From triple carbon copies to smartphones

Sandy Kusano

by Patty Sullivan

With a beehive hairdo, 21-year-old Sandy Kusano first tapped away on a company Smith Corona manual typewriter a year after North America’s largest oilfield (Prudhoe Bay) was discovered and the year the second largest field (Kuparuk) in North America came to be.

New on the job at heritage company ARCO Alaska in July 1969, Kusano is one of two ConocoPhillips employees who has reached the career milestone of 50 years of service. 

“When I look back, I never dreamed I’d be here this long,” said Sandy, now procurement associate, Requisition to Pay & Materials Supply Chain. “So many exciting things.”

Sandy shares her thoughts on a 50-year career with ConocoPhillips.

In Alaska, Sandy has witnessed a renaissance of vast oil and gas discoveries, along with mergers, acquisitions, drilling records and the first-ever development on federal leases and Alaska Native lands. She has worked through the cycles of oil prices, seeing it soar from $4.87/barrel in 1978 to $125/barrel in 2008. Sandy applauded the rise of ConocoPhillips Chairman & CEO Ryan Lance, whom she remembers being hired out of college. She has flown to the North Slope and landed on ConocoPhillips’ former Cook Inlet platforms. In 1982, she watched the Alaska Tower be built. She remembers coffee delivery through the halls by a cart during the early 70s and cost-cutting measures at ARCO that included power conservation and a limit on toilet paper. The stalls were not stocked beyond one roll, she said. “Now I look back and chuckle.”

“Wow, 50 years! That’s incredible.” said Mike Rodriguez, superintendent, Western North Slope Operations, whose work path has crossed with Kusano’s since the 80s. “That vast amount of all that historical knowledge I’m sure has helped her group avoid pitfalls of the past and enrich the conversation and decisions made.”

From miniskirts to bell-bottoms to pantsuits, Sandy has dressed for success. Technology, too, has undergone revolutions during her time at the desk, from the triple carbon copies she typed in the late 60s to today’s facial recognition smartphones.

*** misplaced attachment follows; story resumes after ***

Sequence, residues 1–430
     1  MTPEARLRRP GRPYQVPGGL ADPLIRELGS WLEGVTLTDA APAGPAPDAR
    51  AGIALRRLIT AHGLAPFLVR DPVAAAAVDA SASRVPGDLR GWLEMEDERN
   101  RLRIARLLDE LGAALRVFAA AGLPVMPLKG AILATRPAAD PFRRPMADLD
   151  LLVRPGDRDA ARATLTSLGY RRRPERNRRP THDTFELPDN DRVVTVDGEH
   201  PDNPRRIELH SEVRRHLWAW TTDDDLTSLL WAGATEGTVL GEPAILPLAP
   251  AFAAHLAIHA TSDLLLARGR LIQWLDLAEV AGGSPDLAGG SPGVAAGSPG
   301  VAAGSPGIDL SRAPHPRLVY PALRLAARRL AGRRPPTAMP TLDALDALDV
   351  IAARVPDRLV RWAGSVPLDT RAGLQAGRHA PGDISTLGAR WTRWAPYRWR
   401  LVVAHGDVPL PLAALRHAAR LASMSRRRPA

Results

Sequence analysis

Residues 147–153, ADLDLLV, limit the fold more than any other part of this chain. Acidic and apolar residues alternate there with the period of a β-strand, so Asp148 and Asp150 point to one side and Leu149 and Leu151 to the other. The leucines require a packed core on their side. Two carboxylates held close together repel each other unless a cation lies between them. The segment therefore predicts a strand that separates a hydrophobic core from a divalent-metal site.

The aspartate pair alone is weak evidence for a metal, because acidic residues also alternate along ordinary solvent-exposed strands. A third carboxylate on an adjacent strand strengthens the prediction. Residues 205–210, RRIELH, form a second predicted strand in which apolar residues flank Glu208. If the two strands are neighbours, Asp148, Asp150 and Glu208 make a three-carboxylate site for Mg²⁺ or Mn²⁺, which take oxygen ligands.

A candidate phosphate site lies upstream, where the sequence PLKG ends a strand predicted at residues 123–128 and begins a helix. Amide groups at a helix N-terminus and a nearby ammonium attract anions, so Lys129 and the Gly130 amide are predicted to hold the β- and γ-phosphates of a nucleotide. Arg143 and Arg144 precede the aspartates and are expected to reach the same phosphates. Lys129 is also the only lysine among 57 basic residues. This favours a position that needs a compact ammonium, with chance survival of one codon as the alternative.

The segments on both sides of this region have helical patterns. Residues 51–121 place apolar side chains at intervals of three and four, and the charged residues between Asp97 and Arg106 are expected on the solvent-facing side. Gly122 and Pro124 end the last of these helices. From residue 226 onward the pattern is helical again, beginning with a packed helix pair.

“Working for 50 years at one company, to some, may seem way too long, but I continue to have the drive like the Energizer Bunny,” Kusano said. 

Tim Green would agree. He was her 27th boss and recent supervisor, who moved to Houston in June as manager of Lower 48 Supply Chain. “Anytime we have a change in a system, website or process, she’s the one learning it and teaching others. When we migrated from Livelink to SharePoint, she worked with the technical folks to get it done,” said Green.

With a beehive hairdo, 21-year-old Sandy Kusano first tapped away on a company Smith Corona manual typewriter a year after North America’s largest oilfield (Prudhoe Bay) was discovered and the year the second largest field (Kuparuk) in North America came to be.

Over this stretch, Kusano has worked in purchasing, logistics, building services, public relations, production and drilling, Prudhoe Bay operations, projects, finance, procurement and now Alaska Supply Chain. Sandy has served as a secretary, accounting specialist, invoice clerk, administrative assistant and procurement associate, but titles do not convey how her work sets her apart.

“I can’t imagine having 50 years in or having the level of dedication and energy she has to do her job every single day. You’d think things would get monotonous, but they don’t for her,” Green said.

Dorothy Wood, supervisor, EPC Category Management in Houston, worked with Sandy in Alaska from 2008 to 2011. “What stands out to me is her motivation. She wakes up on winter mornings to go to the gym, and in the summer, she’s biking to work every day. Sandy enjoys life and everything it has to offer,” Wood wrote. “When I moved to Anchorage from Austin, Texas as a college new hire, Sandy essentially adopted me. She was my Alaska mom. Sandy is one of the kindest people you will meet and will do anything she can to help you.”

Green calls Sandy the lifeblood of the organization. “She keeps a pulse on how things are going and lets me know about any morale issues. Good morale is really critical because we’re in an environment where we have to work together. We’ve got to mentor each other and learn from each other. If you’ve got things that are in the way of that, it’s just not productive.”

Sandy’s advice? “Go with the flow. Work hard. Pursue your goals. Be yourself. Don’t hesitate. If something is funny, just laugh.”

Green said her laughs are infectious, and people congregate around her. “She goes beyond her job responsibilities to create a fun environment in this department.” A smorgasbord of snacks occupies its own table near her front desk like a recharging station for employees on the run.

“She has a kind heart and wants to take care of people and see people happy,” Green said, remarking on the dozens of holiday treats she prepares for the employees’ kids. “It’s rare to find somebody who is that thoughtful and is also dedicated and good at their job.” 

Easter basket giveaways or not, Kusano is no pushover. “As an administrative assistant she provides support for early-career, mid-level and senior-level professionals. If those individuals are missing steps in the process, she takes them to task, reminding them they need to get things done. Her personality has allowed her to develop an authority that people respect,” Green said.

“I’m very lucky to have known Sandy for my entire career at ConocoPhillips, and ConocoPhillips Alaska is lucky to have her!” Wood said.

 July 1 marks 50 years. On July 2, Kusano was at the center of a surprise company celebration in Anchorage. What would she say to her 21-year-old self upon arriving at an energy company on the cusp of tremendous change? “Be yourself. Be kind. Learn as much as you can. Be patient.”